So instead of only occasional Xcode work, I use it heavily for Xcode even when I’m not travelling: at home when I don’t want to go into my home office but be in the living room, and even in my office when I want to run another branch of the git repo in parallel.

With this in mind, I expect to be able to recommend a Skylake Macbook (the rumoured early 2016 model) as an all right Xcode environment.

November 2nd I started working at Snapsale as the head of iOS development. At the moment that means the head of me, so I get to do all the fun stuff myself. :-)

In that context I’m setting up an iOS test lab, that I’ve called “Snapsale iOS Lab” (yes, I’m that original in my naming). For my own sake, to remember with future devices, and to inspire other iOS developers (this might even apply to some degree to other mobile app devs), here is the list of tasks I do for each device.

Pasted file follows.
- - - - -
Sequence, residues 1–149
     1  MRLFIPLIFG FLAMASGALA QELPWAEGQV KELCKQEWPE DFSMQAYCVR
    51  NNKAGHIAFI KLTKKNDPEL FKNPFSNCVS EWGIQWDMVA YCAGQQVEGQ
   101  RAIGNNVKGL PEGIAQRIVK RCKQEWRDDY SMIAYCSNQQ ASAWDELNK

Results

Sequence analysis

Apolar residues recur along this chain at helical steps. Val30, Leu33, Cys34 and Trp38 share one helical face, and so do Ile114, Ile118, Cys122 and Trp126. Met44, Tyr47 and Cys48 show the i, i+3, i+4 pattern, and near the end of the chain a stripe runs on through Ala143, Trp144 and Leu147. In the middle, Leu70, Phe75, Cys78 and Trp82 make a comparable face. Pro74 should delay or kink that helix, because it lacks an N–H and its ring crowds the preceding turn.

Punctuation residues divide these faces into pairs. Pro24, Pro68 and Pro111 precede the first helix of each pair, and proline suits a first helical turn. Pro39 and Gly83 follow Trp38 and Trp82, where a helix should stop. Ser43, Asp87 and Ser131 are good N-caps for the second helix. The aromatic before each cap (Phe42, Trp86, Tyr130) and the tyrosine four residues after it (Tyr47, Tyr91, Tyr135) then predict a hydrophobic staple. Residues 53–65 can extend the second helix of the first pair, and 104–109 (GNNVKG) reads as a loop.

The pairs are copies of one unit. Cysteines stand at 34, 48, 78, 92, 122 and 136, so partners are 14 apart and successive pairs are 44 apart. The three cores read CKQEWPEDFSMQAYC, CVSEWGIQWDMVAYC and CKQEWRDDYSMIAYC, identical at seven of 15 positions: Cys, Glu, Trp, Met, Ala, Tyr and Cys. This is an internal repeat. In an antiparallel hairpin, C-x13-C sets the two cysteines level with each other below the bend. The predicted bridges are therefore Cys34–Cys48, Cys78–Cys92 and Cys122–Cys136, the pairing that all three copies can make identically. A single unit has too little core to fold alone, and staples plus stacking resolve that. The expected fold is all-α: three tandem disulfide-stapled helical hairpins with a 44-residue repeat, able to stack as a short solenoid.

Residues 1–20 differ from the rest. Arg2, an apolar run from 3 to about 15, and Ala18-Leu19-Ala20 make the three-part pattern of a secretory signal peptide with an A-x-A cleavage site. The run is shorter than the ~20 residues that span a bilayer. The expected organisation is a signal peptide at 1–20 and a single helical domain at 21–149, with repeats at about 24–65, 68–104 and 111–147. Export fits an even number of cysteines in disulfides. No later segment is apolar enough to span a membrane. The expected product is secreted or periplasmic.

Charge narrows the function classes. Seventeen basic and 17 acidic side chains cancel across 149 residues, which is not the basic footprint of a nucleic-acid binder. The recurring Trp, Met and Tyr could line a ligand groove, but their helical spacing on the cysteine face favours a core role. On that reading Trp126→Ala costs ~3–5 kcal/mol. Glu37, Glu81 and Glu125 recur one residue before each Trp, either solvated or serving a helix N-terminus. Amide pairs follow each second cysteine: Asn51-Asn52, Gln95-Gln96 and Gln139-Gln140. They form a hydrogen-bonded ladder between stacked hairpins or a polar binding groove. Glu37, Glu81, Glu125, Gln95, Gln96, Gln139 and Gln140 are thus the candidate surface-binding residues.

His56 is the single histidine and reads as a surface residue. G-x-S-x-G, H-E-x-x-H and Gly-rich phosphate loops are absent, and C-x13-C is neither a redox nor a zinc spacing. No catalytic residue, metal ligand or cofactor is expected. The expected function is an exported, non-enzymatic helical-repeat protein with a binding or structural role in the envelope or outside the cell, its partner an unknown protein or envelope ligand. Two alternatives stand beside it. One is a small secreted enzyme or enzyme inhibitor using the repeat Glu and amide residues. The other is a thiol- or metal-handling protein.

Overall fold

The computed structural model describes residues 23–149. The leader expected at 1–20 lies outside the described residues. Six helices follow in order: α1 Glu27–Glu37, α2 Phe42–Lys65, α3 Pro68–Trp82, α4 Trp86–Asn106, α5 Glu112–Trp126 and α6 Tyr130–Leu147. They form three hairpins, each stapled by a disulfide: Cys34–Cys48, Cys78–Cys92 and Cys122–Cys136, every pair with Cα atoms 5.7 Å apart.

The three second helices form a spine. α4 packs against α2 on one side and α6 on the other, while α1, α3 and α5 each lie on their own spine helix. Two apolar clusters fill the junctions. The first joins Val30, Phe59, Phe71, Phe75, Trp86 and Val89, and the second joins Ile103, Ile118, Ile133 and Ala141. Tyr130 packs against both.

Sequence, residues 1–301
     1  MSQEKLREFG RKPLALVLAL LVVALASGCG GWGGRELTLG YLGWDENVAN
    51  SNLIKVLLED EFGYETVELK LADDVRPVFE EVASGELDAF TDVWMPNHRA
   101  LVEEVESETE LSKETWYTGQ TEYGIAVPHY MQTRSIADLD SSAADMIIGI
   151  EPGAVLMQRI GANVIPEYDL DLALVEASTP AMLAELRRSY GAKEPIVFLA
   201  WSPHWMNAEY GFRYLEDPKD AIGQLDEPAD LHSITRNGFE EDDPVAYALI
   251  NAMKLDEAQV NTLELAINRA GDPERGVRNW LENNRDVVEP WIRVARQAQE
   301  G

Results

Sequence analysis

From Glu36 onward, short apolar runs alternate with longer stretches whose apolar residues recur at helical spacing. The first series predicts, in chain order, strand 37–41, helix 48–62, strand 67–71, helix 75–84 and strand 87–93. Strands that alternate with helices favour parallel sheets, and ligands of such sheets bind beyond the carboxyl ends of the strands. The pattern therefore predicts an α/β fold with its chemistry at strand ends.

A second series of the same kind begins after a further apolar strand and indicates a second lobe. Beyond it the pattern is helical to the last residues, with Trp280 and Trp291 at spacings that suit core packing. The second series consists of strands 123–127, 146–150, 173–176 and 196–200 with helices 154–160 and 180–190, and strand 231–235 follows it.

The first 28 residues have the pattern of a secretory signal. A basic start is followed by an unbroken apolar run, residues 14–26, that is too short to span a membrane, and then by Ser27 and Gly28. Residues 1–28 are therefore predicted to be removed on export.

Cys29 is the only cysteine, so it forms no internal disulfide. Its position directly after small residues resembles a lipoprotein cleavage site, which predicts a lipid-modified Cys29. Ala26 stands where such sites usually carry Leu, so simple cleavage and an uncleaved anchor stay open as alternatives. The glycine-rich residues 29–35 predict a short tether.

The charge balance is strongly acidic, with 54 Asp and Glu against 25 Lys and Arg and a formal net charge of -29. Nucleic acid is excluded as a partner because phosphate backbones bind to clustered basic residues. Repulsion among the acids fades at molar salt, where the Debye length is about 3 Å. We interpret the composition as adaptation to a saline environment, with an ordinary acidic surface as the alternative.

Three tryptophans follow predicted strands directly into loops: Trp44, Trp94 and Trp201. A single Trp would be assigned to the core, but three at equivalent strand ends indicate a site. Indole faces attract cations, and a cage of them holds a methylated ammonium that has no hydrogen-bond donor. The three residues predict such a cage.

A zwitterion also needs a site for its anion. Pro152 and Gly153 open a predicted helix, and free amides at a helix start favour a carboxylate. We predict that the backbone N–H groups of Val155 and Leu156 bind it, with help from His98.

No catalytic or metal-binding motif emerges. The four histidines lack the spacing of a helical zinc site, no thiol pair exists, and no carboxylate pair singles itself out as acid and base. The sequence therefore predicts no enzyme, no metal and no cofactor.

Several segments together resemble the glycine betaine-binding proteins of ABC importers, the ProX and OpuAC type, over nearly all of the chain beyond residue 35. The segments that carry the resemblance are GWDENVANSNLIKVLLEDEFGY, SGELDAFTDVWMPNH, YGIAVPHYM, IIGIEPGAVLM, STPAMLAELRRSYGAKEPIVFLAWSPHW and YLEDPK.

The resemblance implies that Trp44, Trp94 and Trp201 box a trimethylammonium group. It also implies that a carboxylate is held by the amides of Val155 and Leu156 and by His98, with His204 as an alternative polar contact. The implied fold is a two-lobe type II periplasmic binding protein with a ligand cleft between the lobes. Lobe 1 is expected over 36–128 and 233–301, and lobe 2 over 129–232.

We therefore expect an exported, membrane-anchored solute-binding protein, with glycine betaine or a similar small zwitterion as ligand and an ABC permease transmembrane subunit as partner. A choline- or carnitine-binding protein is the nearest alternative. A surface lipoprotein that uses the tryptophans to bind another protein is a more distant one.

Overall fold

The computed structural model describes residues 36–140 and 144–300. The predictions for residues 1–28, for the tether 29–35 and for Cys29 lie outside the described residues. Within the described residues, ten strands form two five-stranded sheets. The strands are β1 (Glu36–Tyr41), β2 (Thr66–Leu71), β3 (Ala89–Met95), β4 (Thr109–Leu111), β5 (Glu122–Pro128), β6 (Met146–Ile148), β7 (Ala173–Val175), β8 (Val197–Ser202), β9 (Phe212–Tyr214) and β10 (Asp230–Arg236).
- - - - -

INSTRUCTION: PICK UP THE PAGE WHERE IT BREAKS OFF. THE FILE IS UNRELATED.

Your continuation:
When setting up a new iOS device:

  • Set it up with the labs iCloud account
  • Set no TouchID or PIN code
  • Turn off key sound
  • Give it a name with the template “iOS Labs [iOS/iPhone/AppleTV] [modelNumber] w/iOS [version]”
  • Turn off automatic screen lock
  • Turn on automatic downloads and updates of apps
  • Set up email with Gmail account associated with the labs iCloud account
  • Download all the purchased apps from the app store, remembering especially
    • TestFlight
    • Facebook
    • Instagram
  • Install the latest apps from TestFlight and say yes to notifications
  • Set up Facebook
  • Set up Instagram
  • Attach to test server, remember to trust the device on the Mini and the other way around, including Watch if paired